While Check 21 helped speed the return of unpayable checks, it also diminished the forensic value of the paper check, by shifting to electronic check clearing partly in response to the terrorist attacks on 9/11. The unintended consequence is that proving alterations and forgeries has become more difficult. Alterations are less apparent and many of the traditional security features evident on paper checks are lost when the originals are scanned for processing and then destroyed. With no cancelled paper checks to examine, evidence of counterfeiting, forgery and alterations, such as fingerprints and ink samples, are not available for law enforcement use and bank processing examination to determine liability.
Connecting the dots and identifying “ring activity”— which refers to organized attacks targeting your bank and neighboring banks — enhances the effectiveness of reporting to law enforcement and alerting other banks to this suspicious activity. This collaborative approach leads to a stronger case against fraudsters.
Law enforcement can further connect the dots to identify the facilitators of the “ring,” and other banks can work this insight into their defense strategies to flag this behavior or the fraudsters. The dark market and social media have made historically local fraud into a global problem. However, organized criminal groups still target regional areas one at a time. This tactic aims to maximize their return on investment by exploiting checks that local banks may be familiar with or that are frequently processed at banks in that region. Thus, sharing information about local fraud within the community makes sense and will help to detect and prevent fraud.
The USA Patriot Act, Section 314b, provides a safe harbor for banks to share this information among each other, in part to identify and stop financial crimes. Not only will this help neighboring banks stop the organized criminal effort in your community, but it will also enable banks to report the fraud in aggregate to law enforcement, and the bigger the case, the more likely law enforcement will get the prosecutors involved. The aggregated data also provide law enforcement with street-level evidence critical to identifying known criminals and getting over other obstacles like seeking court orders to breach protective barriers and access encrypted data, which certain social media forums use to shield themselves from legal scrutiny.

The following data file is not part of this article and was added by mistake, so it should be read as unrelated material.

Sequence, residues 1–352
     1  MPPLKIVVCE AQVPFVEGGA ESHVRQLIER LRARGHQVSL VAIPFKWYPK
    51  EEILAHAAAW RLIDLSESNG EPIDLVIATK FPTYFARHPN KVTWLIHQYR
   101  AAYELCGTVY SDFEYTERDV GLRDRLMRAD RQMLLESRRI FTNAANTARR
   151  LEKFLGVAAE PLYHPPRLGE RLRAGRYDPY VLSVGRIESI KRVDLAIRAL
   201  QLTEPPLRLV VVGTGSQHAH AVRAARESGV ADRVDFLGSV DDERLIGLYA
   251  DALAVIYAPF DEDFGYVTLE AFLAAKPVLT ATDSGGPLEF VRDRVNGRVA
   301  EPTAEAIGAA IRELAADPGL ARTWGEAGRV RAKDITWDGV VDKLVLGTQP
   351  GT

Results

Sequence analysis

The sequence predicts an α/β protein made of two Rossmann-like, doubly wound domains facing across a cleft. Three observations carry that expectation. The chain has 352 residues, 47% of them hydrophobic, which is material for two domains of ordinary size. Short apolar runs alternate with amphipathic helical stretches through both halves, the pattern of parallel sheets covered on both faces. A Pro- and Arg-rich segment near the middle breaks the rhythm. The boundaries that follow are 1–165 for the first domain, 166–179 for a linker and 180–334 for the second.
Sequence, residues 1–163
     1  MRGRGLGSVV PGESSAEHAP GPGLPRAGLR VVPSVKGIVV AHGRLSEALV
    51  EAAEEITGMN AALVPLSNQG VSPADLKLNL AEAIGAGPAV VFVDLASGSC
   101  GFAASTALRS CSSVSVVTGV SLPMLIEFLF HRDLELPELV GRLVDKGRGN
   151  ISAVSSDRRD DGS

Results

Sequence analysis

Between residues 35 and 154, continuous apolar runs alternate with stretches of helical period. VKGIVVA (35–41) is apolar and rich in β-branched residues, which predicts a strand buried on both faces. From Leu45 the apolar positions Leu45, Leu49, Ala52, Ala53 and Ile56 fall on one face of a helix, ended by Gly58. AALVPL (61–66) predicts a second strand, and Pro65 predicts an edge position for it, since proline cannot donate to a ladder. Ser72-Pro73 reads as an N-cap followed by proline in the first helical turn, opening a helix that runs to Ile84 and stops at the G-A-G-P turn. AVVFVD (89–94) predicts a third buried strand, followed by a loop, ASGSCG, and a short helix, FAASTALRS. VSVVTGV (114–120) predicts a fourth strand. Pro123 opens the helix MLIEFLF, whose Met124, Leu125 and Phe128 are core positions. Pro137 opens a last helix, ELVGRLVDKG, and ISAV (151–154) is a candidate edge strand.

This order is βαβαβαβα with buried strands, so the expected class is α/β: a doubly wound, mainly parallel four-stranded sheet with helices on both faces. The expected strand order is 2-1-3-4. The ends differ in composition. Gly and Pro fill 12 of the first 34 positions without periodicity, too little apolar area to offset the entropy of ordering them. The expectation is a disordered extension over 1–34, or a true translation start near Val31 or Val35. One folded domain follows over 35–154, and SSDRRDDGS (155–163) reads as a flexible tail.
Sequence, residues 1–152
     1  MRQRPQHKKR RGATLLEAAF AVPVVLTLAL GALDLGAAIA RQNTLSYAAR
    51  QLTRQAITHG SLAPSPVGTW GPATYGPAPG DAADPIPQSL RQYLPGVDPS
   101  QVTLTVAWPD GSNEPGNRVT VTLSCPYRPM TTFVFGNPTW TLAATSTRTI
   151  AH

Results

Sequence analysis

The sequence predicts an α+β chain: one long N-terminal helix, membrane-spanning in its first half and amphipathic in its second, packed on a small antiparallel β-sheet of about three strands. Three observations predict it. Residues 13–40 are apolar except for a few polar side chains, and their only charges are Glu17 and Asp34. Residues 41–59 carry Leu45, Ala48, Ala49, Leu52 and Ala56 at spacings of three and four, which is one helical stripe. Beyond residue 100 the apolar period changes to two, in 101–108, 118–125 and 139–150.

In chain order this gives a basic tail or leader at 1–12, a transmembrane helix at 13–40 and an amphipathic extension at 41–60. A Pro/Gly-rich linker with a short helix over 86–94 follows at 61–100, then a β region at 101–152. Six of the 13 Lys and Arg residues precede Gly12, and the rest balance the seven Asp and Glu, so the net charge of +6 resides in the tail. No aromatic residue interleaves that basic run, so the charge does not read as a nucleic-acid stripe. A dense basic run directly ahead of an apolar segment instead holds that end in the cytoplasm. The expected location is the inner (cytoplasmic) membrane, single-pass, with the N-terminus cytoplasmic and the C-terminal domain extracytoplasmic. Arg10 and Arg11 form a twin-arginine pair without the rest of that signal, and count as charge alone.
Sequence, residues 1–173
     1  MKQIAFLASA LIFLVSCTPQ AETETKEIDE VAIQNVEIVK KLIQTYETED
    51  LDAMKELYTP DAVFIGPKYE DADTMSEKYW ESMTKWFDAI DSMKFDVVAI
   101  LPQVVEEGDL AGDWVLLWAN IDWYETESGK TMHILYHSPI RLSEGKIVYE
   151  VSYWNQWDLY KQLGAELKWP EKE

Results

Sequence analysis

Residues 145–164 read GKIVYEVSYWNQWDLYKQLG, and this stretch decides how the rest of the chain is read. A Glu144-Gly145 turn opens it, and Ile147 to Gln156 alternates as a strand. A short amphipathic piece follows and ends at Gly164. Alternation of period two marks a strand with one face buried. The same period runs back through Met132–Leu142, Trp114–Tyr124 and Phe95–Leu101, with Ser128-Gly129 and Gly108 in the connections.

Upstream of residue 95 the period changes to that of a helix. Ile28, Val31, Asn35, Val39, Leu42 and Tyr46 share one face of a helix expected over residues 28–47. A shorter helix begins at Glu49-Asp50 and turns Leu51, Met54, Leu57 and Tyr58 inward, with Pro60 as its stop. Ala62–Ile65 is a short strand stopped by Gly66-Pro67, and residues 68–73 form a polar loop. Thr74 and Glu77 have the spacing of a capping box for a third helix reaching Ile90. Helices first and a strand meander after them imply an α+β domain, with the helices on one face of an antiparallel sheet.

Of course, certain dark market forums and social media outlets will be untouchable in countries with no legal agreements with the U.S., but this information may lead to surreptitious access to the dark market and other forums.
An integrated anti-fraud approach inside banks is also critical and should be the goal. The banks’ different deposit points tend to feed into different processes within the bank. This allows banks to have a more complete picture of check fraud and also to identify and share information about the newest check fraud strategies and practices. According to a discussion during an ABA sponsored monthly information sharing forum, it has become common for fraudsters to use a synthetic identity consumer account or to create a synthetic LLC (fully registered in state incorporation databases) to pass the check through.
A unified approach to combating check fraud
The best defense is looking at check fraud and other fraud types holistically within your bank by creating a fusion strategy between fraud, cyber and AML/BSA groups — a physical fusion center is ideal for larger banks. FinCEN encourages a coordinated approach and has advised this in past advisories, such as FIN-2016-A005.